If you want to help any pets during any disaster, I recommend donating to the ASPCA and/or the Humane Society of the US, as both have disaster assistance programs. If you’re local to Missouri, you can also donate to the Humane Society of Missouri. The ASPCA, HSUS, and Humane Society of Missouri, are all working with the Joplin Humane Society to help care for the displaced pets.

Unfortunately, as happens in these situations, rumors of nefarious deeds have surfaced about the rescue effort in Joplin. I wanted to take a moment to address the ones I’ve heard.

First, the animals that were at the Joplin Humane Society and that were moved to Wayside Waifs in Kansas City were homeless residents at the shelter, not displaced pets. The animals were moved so that the Joplin Humane Society could focus on helping with displaced pets.

Second, rescue organizations are not converging on Joplin to “steal” pets and take them elsewhere. There are sufficient numbers of dogs (and cats) needing homes in every part of the country, no one needs to sneak into Joplin in the dead of night in order to abscond with the pets.

There was a rumor that a Minnesota rescue had swooped down and grabbed some dogs in an out of state rescue, but the story hasn’t been verified, and it doesn’t make any sense. For one, the area has been closed off by police. For another, Minnesota had its own tornado hit, and its own problems. Lastly, no rescue would do such an action without coordination with local animal organizations.

I believe what happened is that discussions about tornadoes in both areas, and rescues in both areas, were conflated.

Another rumor is that if people don’t pick up their pets in 14 days, they’ll be destroyed. The Joplin Humane Society has already stated they will keep a pet for a pet owner as long as necessary if the owner has lost their home. However, the specialized animal rescue warehouse may only be open for the initial two weeks of the disaster. I imagine how long it’s open depends on how quickly the numbers of displaced pets shrink. Once the number of pets shrinks to a size the Joplin Humane Society can manage, they’ll close the warehouse and handle the rest in-house.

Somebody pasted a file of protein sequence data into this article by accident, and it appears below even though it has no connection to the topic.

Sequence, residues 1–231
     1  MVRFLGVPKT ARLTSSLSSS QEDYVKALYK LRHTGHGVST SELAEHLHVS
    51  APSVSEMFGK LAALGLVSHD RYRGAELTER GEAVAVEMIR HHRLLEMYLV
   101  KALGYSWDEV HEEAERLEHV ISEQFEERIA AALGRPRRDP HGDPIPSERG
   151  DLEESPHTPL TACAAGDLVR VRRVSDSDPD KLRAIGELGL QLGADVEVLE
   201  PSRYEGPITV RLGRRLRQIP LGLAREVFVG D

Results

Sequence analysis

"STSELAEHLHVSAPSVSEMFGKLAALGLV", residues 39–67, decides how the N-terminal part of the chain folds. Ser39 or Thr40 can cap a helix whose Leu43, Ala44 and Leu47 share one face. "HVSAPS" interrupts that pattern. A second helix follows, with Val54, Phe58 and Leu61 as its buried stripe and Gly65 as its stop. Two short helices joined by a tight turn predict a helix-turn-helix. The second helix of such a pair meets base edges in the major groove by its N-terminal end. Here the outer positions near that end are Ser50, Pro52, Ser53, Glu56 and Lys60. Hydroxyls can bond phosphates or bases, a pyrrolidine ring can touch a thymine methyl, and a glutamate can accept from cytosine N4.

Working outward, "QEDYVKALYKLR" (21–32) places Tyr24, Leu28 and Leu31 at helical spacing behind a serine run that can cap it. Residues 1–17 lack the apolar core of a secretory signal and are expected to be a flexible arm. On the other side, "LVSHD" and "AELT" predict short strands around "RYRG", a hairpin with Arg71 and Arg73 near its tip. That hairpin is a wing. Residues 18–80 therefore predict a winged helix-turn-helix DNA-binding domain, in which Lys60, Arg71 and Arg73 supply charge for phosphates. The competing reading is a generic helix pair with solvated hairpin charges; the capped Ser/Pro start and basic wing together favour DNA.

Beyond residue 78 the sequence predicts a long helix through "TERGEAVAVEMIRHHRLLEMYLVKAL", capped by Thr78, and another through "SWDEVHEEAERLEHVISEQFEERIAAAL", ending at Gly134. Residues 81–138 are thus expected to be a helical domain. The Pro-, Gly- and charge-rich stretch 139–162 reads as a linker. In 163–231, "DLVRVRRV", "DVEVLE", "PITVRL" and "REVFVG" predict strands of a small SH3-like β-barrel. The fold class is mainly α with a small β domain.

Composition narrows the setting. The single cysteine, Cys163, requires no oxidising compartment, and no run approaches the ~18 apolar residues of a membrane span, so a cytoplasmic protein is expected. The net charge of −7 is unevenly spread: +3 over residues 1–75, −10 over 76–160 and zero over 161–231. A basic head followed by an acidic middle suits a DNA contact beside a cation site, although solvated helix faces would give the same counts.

If dogs and cats and other pets aren’t claimed over a certain period of time, then the Humane Society will have to assume they’re not going to be claimed and put them up for adoption. However, that shouldn’t be happening for at least a couple of weeks, perhaps even longer. Frankly, if no one has claimed a cat or a dog in a couple of weeks, sad to say, it may be because there is no one left to claim the animal. The animals can’t stay in the cages forever—they need homes.

To keep up with the latest news and to volunteer, check the organization’s Facebook page.

update A story in the Joplin Globe does mention the Minnesota rescue. However, it still doesn’t make sense. No legitimate rescue would come into a disaster area and just remove animals. I still believe this is more rumor than fact.

Critters Legal, Laws, and Regs

Koster’s Handling of Unlicensed Facility demonstrates failures in laws

Chris Koster, Missouri Attorney General, has published another press release about a court injunction against an unlicensed breeder. His office states that the breeder violates several ACFA regulations:

Koster said Shirley Gilbert owns Wolfgang’s Puppies and Gee Gee’s Yorkies, a commercial breeding facility in Aurora. Department of Agriculture inspections uncovered numerous violations of the Animal Care Facilities Act. Gilbert failed to provide clean, dry bedding and wind and rain breaks to protect the dogs from the elements; failed to keep food receptacles clean and sanitized; failed to collect and remove animal waste; failed to clean and sanitize the facility or to provide adequate space for the dogs; failed to provide housing that protected the animals from injury; and failed to provide adequate veterinary care to the animals, many of which had matted coats and one that had severe eye complications.

The Attorney General’s office states that he’s obtained a temporary restraining order prohibiting the breeder from selling dogs, but selling dogs without a license is a Class A misdemeanor. Why, on earth, was this woman not charged with a crime?

In addition, the press release details horrendous conditions for the dogs, but nothing, nothing, about rescuing the dogs or removing the dogs from what sounds to be extremely dangerous conditions. In an article in the News-Leader, we find out that the breeder is allowed to keep the 22 adult dogs and 12 puppies until the June 10 hearing…and possibly later.

Rather than make things better for dogs, the recent actions to gut Proposition B have left things in worse shape then what we had even before Proposition B. AG Koster, this is nothing to brag about.